William Hall can be reached at 781-3661 ext. 106 or Follow him on Twitter:@hallwilliam4.

New law places more responsibility for cyclists’ safety on motorists (BDN)

By | Coalition News, Featured Posts, Stay Safe

This article originally appeared in the Bangor Daily News.


New law places more responsibility for cyclists’ safety on motorists

Cyclists race up Belfast's Main Street as part of the annual Maine Bike Rally in July 2005.

Cyclists race up Belfast’s Main Street as part of the annual Maine Bike Rally in July 2005. Buy Photo
By Mario Moretto, BDN Staff
Posted June 24, 2013, at 7:01 p.m.

AUGUSTA, Maine — A new law aimed at increasing the safety of bicyclists in Maine’s roadways is scoring an enthusiastic thumbs-up from cyclists in the state’s biggest city.

The bill, LD 1460, introduced by the Bicycle Coalition of Maine and passed into law June 13 without the governor’s signature, adds teeth to the state’s 6-year-old “3 feet” rule and gives cyclists the right to determine for themselves the safest place to travel within a roadway.

It also changes the state definition of “traffic” to include cyclists and rollerbladers and prohibits motor vehicles from making right turns near cyclists in a way that would interfere with the cyclist’s travel. Advocates say that action, dubbed a “right hook,” is one of the most common causes of bicycle-motor vehicle accidents.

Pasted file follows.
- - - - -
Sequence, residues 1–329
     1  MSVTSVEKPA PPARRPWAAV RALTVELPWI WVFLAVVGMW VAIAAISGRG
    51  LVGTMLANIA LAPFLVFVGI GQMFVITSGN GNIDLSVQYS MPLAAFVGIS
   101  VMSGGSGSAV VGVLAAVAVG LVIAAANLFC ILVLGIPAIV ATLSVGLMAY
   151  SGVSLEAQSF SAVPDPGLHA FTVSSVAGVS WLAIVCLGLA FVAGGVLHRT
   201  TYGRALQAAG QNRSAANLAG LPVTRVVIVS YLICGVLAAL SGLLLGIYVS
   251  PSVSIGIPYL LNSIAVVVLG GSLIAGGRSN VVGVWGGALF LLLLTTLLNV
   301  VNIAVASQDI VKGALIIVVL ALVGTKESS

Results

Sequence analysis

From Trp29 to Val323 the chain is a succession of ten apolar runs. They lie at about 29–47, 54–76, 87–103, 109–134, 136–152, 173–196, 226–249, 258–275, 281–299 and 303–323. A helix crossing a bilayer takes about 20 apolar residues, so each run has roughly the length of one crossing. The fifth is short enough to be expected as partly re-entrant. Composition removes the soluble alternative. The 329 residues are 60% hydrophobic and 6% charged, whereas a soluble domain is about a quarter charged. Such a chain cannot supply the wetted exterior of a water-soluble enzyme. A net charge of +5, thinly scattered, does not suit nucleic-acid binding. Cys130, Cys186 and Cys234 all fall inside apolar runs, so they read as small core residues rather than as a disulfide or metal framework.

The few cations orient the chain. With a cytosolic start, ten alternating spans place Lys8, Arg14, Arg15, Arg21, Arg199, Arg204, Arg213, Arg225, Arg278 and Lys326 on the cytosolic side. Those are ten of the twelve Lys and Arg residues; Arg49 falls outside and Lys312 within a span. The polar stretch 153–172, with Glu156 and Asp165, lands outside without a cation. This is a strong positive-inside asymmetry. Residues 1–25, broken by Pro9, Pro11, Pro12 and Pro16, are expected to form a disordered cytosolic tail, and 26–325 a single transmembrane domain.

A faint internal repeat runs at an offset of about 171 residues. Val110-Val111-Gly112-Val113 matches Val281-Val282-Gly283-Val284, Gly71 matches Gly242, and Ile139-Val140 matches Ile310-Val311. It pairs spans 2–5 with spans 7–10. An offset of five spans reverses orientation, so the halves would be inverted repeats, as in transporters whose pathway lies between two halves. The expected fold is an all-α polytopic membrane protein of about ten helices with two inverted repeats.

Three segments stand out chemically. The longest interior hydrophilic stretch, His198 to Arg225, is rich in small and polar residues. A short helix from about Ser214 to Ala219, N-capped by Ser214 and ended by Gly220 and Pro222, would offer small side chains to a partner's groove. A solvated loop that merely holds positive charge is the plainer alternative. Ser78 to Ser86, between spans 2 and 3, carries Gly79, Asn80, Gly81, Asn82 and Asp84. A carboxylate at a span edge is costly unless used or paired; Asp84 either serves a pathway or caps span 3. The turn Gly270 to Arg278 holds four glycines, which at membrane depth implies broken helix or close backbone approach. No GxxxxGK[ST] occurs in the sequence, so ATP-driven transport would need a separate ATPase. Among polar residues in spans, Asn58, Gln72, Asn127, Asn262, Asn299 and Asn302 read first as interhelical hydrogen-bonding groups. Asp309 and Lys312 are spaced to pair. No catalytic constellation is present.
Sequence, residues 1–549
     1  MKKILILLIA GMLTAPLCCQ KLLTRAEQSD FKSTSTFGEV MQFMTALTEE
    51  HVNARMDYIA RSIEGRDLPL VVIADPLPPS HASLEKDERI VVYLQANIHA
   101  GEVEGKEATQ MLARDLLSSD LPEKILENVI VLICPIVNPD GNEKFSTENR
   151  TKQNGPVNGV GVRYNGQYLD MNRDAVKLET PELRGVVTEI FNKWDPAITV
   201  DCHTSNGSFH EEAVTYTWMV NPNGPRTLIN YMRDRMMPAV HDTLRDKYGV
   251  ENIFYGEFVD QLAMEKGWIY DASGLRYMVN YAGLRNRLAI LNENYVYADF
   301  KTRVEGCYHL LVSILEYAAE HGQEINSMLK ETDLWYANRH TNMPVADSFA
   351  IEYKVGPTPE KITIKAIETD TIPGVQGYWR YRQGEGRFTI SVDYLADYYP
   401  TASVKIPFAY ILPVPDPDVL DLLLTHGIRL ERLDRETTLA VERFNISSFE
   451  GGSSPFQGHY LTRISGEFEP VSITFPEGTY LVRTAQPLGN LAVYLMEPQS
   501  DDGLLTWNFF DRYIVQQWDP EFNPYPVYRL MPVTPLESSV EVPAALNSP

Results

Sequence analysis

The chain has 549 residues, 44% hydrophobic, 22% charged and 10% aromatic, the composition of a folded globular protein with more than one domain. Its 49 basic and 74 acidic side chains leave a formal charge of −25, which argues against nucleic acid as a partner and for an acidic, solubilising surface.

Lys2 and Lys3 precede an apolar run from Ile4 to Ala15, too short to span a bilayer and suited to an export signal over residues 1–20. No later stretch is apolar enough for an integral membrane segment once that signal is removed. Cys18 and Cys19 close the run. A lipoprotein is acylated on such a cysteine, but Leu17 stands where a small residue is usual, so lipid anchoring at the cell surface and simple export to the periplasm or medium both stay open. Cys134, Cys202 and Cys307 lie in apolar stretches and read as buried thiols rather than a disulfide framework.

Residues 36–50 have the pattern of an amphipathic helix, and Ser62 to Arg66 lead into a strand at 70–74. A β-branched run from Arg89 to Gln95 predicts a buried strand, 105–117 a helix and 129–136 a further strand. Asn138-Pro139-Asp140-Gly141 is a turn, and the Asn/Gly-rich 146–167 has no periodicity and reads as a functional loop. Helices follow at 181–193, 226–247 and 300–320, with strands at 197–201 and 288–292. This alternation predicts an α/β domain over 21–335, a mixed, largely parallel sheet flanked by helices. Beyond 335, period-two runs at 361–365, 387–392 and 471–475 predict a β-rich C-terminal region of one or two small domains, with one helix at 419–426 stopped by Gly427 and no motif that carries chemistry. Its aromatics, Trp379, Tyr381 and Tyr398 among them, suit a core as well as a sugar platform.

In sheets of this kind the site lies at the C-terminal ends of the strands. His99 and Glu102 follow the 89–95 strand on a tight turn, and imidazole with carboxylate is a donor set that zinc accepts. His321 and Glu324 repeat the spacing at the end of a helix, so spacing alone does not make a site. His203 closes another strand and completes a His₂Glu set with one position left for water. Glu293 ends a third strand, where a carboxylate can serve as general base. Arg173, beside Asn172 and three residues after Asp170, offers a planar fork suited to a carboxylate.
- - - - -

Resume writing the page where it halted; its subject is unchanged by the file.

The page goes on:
The law will take effect sometime in September, 90 days after the Legislature adjourns.

Jason Unterreiner, a 30-year-old Portland cyclist, said he was happy the law recognized his right to make the safest decision while riding his bike to and from Falmouth for work.

The previous law, requiring cyclists to ride as far to the right as possible, was “fundamentally unsafe,” he said.

“Oftentimes the safest place in the lane [will change], and quite often it’s toward the center of the lane, far away from where people will hit you with opening doors, far away from dirt and broken glass on the shoulder,” he said.